Middle East airlines rule the skies

Middle East airlines rule the skies
This year, airlines in the region maintained the double-digit growth for the third consecutive month.

Dubai - Demand surged 12%, capacity increased 13.6% in March



By Abdul Basit

Published: Fri 6 May 2016, 8:08 PM

Last updated: Sat 7 May 2016, 10:47 PM

Middle East carriers witnessed the largest increase in demand among all regions in March this year for international traffic compared to same period last year, according to the data released by the International Air Transport Association (IATA) on Thursday.
Last year, Middle Eastern airlines ruled the sky by recording the strongest annual traffic growth and also increased the share of international traffic on massive expansion of Gulf carriers.
This year, airlines in the region maintained the double-digit growth for the third consecutive month.
"Middle East carriers experienced a 12 per cent rise in demand in March, which was the largest increase among regions. Capacity increased by 13.6 per cent, however, load factor dropped by 1.1 percentage points to 76.5 per cent," according to the apex body of airlines.
Globally, IATA said that demand (measured in revenue passenger kilometers, or RPKs) rose 5.3 per cent in March, compared to the same month last year. Capacity grew slightly faster at 5.9 per cent which pushed the average load factor down by half a percentage point to 79.6 per cent.
March performance shows a moderate slowdown on the year-on-year growth rates recorded in January (7.2 per cent) and February (8.6 per cent) even after adjusting for the leap-year impact in February. Demand for international traffic grew significantly more quickly (6.2 per cent) than that for domestic travel (3.7 per cent).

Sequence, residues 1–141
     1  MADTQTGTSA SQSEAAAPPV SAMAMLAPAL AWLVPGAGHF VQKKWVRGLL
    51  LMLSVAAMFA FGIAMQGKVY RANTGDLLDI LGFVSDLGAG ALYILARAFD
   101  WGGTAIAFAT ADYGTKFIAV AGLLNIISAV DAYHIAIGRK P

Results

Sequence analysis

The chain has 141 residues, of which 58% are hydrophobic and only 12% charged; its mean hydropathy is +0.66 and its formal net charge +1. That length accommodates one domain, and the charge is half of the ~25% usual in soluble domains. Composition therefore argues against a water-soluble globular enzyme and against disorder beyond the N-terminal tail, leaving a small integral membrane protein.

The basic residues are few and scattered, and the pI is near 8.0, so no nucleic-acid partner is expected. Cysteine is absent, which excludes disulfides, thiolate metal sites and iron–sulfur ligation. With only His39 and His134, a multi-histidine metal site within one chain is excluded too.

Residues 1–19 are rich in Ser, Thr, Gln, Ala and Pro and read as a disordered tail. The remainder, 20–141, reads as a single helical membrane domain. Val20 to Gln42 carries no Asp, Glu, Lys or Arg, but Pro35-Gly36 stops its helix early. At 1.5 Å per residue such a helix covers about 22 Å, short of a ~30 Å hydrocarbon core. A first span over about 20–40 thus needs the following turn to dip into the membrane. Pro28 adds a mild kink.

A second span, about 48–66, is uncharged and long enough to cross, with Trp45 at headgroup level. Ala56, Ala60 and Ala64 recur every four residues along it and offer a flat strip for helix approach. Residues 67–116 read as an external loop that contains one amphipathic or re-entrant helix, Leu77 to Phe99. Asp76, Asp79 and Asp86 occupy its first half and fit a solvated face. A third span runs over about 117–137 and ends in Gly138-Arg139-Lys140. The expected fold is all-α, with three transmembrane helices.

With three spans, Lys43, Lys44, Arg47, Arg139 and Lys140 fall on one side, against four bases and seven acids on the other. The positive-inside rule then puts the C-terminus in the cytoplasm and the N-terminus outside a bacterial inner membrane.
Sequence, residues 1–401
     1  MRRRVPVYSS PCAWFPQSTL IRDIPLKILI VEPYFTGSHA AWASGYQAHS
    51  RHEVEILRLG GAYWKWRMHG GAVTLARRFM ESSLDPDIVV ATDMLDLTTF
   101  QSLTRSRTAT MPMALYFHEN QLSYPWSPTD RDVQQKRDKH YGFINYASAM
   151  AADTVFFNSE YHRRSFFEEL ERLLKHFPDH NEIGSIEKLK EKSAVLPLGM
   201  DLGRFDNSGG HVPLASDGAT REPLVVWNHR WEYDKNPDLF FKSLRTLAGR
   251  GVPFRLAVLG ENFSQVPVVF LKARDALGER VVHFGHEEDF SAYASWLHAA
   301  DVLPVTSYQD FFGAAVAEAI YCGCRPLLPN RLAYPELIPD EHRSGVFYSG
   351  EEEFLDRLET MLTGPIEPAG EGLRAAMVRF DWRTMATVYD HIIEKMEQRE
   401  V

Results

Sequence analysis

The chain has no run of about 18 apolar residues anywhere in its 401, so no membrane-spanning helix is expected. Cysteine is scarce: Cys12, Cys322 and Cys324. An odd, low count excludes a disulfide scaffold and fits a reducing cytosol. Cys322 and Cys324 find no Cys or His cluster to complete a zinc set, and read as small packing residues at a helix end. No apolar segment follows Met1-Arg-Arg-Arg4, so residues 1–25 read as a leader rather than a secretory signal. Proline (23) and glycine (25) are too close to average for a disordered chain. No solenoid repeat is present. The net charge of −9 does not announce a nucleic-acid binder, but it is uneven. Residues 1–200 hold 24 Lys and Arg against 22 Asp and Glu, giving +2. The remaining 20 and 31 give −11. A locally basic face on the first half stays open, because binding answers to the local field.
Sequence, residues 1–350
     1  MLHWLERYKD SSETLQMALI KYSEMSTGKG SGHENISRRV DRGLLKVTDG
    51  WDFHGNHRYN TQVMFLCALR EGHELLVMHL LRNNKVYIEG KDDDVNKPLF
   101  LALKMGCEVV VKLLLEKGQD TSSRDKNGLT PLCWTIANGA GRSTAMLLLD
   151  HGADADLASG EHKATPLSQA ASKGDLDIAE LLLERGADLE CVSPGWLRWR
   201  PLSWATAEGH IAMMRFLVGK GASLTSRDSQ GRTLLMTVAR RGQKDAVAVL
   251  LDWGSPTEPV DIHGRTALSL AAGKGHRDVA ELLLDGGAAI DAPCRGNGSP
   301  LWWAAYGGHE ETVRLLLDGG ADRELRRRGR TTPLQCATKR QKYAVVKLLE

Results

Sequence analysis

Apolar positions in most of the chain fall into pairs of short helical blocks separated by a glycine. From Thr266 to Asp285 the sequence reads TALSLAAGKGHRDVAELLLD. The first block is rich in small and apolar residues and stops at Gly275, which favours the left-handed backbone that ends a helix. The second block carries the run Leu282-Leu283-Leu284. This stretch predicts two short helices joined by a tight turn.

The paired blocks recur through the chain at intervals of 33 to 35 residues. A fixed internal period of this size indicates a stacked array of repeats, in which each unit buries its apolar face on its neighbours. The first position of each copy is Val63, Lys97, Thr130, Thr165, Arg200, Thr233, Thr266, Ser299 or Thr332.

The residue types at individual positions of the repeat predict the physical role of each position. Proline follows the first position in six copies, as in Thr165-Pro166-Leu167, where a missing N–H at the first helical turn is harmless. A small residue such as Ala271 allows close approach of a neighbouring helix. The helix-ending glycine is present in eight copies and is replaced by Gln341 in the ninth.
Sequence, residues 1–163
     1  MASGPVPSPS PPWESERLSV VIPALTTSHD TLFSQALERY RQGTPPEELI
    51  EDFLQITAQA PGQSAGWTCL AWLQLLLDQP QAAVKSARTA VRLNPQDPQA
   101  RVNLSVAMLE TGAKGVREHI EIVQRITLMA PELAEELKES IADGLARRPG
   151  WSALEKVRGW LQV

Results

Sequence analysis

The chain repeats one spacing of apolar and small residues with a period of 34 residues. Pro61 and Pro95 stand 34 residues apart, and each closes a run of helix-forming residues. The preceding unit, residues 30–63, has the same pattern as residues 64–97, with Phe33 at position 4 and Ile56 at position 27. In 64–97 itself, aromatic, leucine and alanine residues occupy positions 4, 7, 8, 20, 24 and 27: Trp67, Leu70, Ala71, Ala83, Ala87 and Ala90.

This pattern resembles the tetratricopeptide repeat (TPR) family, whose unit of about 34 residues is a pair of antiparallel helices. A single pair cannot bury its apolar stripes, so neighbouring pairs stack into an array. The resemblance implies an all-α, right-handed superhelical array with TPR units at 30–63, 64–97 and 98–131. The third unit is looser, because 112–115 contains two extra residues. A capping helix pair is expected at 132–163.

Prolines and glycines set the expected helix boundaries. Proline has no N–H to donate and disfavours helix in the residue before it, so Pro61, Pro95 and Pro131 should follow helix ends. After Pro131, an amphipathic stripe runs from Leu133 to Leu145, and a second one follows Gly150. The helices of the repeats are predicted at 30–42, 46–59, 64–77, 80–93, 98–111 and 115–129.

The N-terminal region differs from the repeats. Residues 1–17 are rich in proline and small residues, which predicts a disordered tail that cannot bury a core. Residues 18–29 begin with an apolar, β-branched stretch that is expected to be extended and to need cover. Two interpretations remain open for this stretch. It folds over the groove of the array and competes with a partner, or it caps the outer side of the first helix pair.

"While in line with long-term trends, demand growth in March represented a slow-down compared to January and February. It is premature to say whether this marks the end of the recent very strong results. We do expect further stimulus in the form of network expansion and declines in travel costs. However, the wider economic backdrop remains subdued," IATA director general and chief executive officer Tony Tyler said in a statement. Domestic demand rose 3.7 per cent in March compared to March 2015, a dramatic slowdown from the leap year-aided 7.8 per cent growth recorded in February. This was driven primarily by performance in the two largest markets, the US, which accounts for two of every five domestic passengers, and China. Domestic capacity climbed 4.3 per cent, and load factor retreated 0.4 percentage points to 81.6 per cent.
"Europe is the world's largest international market in terms of traffic flown by its carriers. And aviation supports 12 million European jobs and 4.1 per cent of the continent's GDP. But aviation could do much more if governments would address the triple whammy of high taxes, overly-complex and punitive regulations, and inadequate and inefficient infrastructure. Making Europe an easier place to do business will help aviation deliver even greater benefits to the economy," Tyler said.
- abdulbasit@khaleejtimes.com


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